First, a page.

As I seek the horizon on Bentota River, a sense of unperturbed relaxation takes over me. I hear and see no one; the falling rain and a sparse flutter of leaves are my only companions.
I arrived on a rainy afternoon from Galle, to a silent Dedduwa boat house, Yathra by Jetwing. No one was expecting me, although they should have. It was in fact, best. I took to myself to intrude; I walked down the graveled path, out onto a murky garden of sorts and there she was, pastoral and gracious, the Yathra by Jetwing, anchored by the riverbank.
I came a long way to see the first of its kind houseboat in Sri Lanka. Inspired by the Kerala waters (more specifically, the Indian Kettuvallan), the island’s inaugural floating hotel appeared to be as peaceful as I had expected it to be.
Simply crafted from bamboo, with wooden, thatched roof, the houseboat is at the same time, a green, rustic vision of elegance, thanks to the craftsmanship of environmental architect Sunela Jayewardene.
Featuring two air-conditioned bedrooms complete with their own private balconies and enclosed bathrooms, the boat includes most amenities you may need or find in an otherwise high-end hotel (slippers, robes, hair drier, iron, toiletries, etc). Ok, no Jacuzzi! But who needs a Jacuzzi when you’re leisurely cruising the river?
A soft, nautical interior design can be noticed in the bedrooms as well as the entrance parlor that links the rooms: vintage chests, navy blues and seashell motifs.
I walk up and down the teak-wood floors and notice the deck aft, used for dining. Guests can enjoy their meals here, in the open towards the lake, as service is provided via the galley adjoining the after deck.
There is also a sun deck above the cabins for guests to enjoy.
Under the direction of Captain Koralage, retired from the Sri Lankan Navy after 22 years, the cruise is set to traverse the calm Bentota River starting from Yathra by Jetwing, all the way to Awittewa, a small village some 11 miles away.
Similarly, an escape to Jetwing Kurulubedda is an eco retreat in itself. Concealed amidst the foliage of a wild environment, near the village of Mahamodera on the Southern Coast, you’ll surely feel in your very own secret forest.
Rustic in appearance, each of the two villas at Jetwing Kurulubedda has been aesthetically built and adorned so as to perfectly blend in with the surrounding paddy fields. The facilities however, are completely modern, to fittingly accommodate its guests.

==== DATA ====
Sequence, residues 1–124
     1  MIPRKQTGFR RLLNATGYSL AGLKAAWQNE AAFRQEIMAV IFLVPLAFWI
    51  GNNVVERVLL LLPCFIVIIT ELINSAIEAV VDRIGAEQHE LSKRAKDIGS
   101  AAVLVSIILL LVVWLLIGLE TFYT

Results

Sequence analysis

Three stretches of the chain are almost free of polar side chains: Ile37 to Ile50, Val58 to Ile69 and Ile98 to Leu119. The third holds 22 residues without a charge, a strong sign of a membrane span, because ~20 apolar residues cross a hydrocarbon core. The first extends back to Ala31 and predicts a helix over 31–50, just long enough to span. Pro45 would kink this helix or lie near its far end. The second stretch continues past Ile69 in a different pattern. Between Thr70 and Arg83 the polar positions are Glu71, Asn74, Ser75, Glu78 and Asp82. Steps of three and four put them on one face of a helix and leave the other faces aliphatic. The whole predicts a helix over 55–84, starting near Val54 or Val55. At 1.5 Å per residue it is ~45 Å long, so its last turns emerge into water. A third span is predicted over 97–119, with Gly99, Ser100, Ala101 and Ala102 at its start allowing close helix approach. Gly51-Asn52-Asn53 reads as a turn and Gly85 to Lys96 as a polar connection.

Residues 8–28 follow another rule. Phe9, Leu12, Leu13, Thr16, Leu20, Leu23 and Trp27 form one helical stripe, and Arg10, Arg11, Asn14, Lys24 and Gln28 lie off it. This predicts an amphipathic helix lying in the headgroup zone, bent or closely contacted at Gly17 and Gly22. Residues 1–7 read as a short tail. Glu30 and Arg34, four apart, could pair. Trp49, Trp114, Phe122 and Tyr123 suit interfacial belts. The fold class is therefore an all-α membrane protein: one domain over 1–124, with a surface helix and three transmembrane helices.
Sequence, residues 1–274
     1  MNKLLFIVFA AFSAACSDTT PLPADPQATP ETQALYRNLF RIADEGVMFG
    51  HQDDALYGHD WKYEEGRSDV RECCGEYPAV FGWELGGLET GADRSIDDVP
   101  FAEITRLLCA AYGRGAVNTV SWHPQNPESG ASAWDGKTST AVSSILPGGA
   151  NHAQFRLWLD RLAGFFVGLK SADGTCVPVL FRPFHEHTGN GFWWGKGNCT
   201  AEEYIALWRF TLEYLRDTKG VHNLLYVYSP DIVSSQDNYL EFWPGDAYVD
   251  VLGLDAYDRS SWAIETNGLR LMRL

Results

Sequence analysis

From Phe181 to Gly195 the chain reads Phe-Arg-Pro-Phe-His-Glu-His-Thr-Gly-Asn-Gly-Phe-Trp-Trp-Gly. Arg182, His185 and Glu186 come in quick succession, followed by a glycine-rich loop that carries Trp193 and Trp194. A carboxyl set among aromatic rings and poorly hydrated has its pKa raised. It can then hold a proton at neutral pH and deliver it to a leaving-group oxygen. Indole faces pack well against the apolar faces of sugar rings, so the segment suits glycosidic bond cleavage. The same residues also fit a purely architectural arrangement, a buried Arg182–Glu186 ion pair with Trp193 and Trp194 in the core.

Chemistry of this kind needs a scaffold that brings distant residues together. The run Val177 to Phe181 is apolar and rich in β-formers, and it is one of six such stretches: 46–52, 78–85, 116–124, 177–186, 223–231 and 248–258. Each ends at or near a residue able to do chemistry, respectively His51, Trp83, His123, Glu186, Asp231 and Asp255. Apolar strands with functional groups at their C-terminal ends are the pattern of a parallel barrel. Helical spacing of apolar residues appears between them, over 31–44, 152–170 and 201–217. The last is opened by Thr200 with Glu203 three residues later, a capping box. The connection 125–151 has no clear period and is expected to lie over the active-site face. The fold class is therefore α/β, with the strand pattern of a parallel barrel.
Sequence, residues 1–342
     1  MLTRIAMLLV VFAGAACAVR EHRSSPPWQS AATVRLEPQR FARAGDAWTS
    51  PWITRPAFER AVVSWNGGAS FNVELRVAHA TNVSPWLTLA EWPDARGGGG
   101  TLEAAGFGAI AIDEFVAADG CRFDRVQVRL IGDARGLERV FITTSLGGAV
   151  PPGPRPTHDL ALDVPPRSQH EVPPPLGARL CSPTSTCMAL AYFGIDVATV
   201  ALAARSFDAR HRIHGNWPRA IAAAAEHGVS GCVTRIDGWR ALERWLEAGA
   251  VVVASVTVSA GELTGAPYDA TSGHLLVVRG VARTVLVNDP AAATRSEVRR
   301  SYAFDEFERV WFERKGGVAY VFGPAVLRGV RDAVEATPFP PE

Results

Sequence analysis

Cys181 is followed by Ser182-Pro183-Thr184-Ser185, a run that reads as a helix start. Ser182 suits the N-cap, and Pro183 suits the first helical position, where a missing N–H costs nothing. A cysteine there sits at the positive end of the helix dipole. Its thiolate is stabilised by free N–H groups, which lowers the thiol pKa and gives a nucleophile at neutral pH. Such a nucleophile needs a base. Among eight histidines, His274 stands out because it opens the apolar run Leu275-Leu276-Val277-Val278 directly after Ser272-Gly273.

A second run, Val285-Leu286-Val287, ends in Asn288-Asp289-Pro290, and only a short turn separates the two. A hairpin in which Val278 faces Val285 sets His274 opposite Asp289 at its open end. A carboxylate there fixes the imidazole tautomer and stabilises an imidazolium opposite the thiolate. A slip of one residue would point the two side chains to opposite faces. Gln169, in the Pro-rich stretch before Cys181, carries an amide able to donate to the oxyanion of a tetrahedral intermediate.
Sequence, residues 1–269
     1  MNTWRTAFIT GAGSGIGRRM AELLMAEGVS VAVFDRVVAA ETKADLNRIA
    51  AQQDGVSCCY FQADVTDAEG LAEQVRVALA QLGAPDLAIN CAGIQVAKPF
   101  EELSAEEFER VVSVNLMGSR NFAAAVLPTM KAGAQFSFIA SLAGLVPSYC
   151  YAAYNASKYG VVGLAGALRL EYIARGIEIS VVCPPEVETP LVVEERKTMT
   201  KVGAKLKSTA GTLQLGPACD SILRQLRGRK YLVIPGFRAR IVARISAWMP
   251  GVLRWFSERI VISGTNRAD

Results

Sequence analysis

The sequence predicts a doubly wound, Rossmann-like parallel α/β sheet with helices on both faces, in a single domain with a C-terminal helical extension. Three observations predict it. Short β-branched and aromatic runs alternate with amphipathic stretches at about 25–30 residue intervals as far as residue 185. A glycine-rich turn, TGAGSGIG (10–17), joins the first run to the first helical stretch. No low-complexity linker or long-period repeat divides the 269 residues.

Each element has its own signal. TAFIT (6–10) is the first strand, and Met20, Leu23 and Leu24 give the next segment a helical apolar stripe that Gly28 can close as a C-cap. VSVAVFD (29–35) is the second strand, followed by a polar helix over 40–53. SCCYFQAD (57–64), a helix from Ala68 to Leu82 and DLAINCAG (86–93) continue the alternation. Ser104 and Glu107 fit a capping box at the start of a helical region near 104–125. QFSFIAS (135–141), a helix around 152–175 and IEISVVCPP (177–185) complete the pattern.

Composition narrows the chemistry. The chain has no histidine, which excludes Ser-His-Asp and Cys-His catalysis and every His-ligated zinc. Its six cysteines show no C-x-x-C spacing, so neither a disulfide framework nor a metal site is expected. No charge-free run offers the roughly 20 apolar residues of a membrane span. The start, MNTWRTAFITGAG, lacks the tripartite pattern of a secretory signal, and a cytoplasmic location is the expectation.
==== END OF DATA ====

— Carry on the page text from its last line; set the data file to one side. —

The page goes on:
A stay at Jetwing Kurulubedda is clearly best suited for couples that wish for absolute tranquility. Each of the two dwellings cloistered into the woods opens to a large terrace and furthermore onto a canopy of trees. There is also a private plunge pool at the base of each one.
And that’s not the best part. Whether you want to dine on your own terrace, or further down into the coppice, the chef will be there at your disposal: with the dinner of your request, where and when you desire.
Given the success of the property and authenticity of the experience, Jetwing Kurulubedda has plans to expand to four dwellings total, as well as another pool.
Although I didn’t stay the night, I thoroughly enjoyed the silence, disturbed only by the sound of crickets and birds.
I visited the Yathra by Jetwing houseboat in early May, ahead of its inauguration. This review is based on my brief visit on property. Guests can now book various packages, to include roam and board, as well as cruises. For rates and availability, please visit their listing pages, here on Glamping.com.
Image Credits: Jetwing Kurulubedda, Yathra by Jetwing, Monica Suma
Monica Suma is a Romanian-American freelance travel writer and blogger, always on the hunt for art, good food and all things Cuba. Through storytelling and an insatiable pursuit for whimsy, she contributes to a variety of publications such as Lonely Planet, BBC Travel, Business Traveller and more. Follow her adventures live on Instagram and Twitter.